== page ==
Thursday, January 31, 2008

Topiary Tree Tutorial From Julia Camilleri of Julia's Place Blog

Topiary Tree... tutorial
Copyright © 2007 — All Rights Reserved — Written By Julia Camilleri

I still have not done any sewing...withdrawal symptoms are starting to set in, but here is one of my favourite designs for you to make.A lovely topiary tree to embroider and frame....great gift idea!

Please read all the instructions carefully before starting


Fabric and Pellon 13”x15”
Bucilla 4mm silk ribbon, 2 cards for the main roses and buds, 1 card for the daisies and bow, 1 card green ribbon for the leaves.
Green stranded cotton for the leaves, Gold thread for the pot, Brown rayon stranded thread for the tree pole.
Five gold beads.
Sewing thread to match ribbon of the main roses.
No. 20 Chenille needles are used for the ribbon embroidery.
No.9 crewel needles are used for the threaded embroidery.
I used a spray can top to draw in the circle for the flower ball.

Embroidery measures.. 6 1/2 inches ....Click on picture and it will come up bigger and easier to see.


Iron fabric to remove creases, tack pellon onto back of fabric.Fold fabric in half horizontally and vertically and finger press to find centre.Making sure to line up centre of fabric to the centre of the design sheet, use pencil to mark in the main flower placements through the paper....I only dot in the flower placements and work in the rest freehand.

1. SPIDER WEB ROSES: With thread to match ribbon, stitch in the five evenly spaced spokes for the roses, then using the 4mm silk ribbon weave in the ribbon to make the roses.

2. DAISIES: With the 4mm contrast ribbon work in the daisy flowers in ribbon stitch as shown in the design sheet.

3. BUDS: Keeping the shape of the tree round, using the different colours of the 4mm ribbon stitch in buds around and in between the flowers leaving room for some leaves. Using one strand of green thread work a straight and a fly stitch on each bud.

4. LEAVES: With the 4mm green ribbon, Ribbon stitch the leaves around flowers. With one strand of green thread work lazy daisy leaves in and around flowers to soften the design.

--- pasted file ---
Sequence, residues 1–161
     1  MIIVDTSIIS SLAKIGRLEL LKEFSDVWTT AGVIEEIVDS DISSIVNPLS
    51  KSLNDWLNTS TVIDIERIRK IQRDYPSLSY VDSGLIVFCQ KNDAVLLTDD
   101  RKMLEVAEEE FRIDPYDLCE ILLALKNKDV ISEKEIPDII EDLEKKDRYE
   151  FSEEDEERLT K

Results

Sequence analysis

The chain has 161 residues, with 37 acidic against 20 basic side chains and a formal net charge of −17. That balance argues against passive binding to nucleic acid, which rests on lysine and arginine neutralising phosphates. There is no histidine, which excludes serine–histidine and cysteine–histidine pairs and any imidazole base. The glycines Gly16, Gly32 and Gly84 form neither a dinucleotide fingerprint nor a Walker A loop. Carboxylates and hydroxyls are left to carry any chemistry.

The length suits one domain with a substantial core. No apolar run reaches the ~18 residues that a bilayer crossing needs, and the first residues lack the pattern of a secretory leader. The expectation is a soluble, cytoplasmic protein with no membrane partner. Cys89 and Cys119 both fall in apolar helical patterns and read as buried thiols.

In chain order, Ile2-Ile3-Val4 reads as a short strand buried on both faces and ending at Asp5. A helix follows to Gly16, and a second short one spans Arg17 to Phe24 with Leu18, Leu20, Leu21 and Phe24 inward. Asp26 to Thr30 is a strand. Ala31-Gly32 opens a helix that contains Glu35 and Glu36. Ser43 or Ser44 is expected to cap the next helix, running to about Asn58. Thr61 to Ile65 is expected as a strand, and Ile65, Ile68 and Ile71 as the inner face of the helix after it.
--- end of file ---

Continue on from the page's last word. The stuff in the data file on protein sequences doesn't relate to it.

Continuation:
5. TREE POLE: Using rayon stranded cotton cut 18 strands of thread 20cm long, Holding one end in left hand twist with right hand until threads begin to kink, then fold in half and allow the cord to twist onto itself. Tape both ends with sticky tape to stop them unravelling. Make a tiny hole at base of tree ball and insert one end of pole, pin down to hold. Measure straight down 6cm, make a tiny hole and insert other end of pole, pin down to hold making sure tree pole is straight. Using one strand of the same thread stitch in place, Stitching in between the twists as though part of the tree. Stitch down both ends of pole at back.

6. GOLD POT: Make a template of the pot from the design sheet or draw up your own design, Lining up the centre of the pot to the base of the tree pole, draw around template with HB pencil and using 1 strand of gold floss, Stem stitch around pot, stitch in design on pot as shown in design sheet.

7. BOW: With 4mm ribbon make a bow and stitch in place under tree ball with French knots

8. TREE BASE: Using left over 4mm ribbon work small buds and leaves in pot, and Lazy daisy leaves.Your work is now ready to be framed or made into a cushion. A boxed frame with matching Matt board will enhance your work and keep it dust free.

Please respect Julia's Terms Of Use: Items made from Julia's tutorials are for personal use only. You may make an item for yourself or as a gift, but items made may not be sold either for small personal profit or commercially. Julia's tutorials cannot be copied, reprinted, emailed, or distributed in any manner without Julia's written permission.

Copyright © 2007 — All Rights Reserved — Written By Julia Camilleri on her "Julia's Place" Blog - For more crafting tips and techniques visit Julia's "Julia's Place" blog. Julia is a seamstress who specializes in crazy quilting, ribbon embroidery, and all things Victorian.  For more pictures of Julia's creations please visit Julia's Flickr site -

No comments:

Post a Comment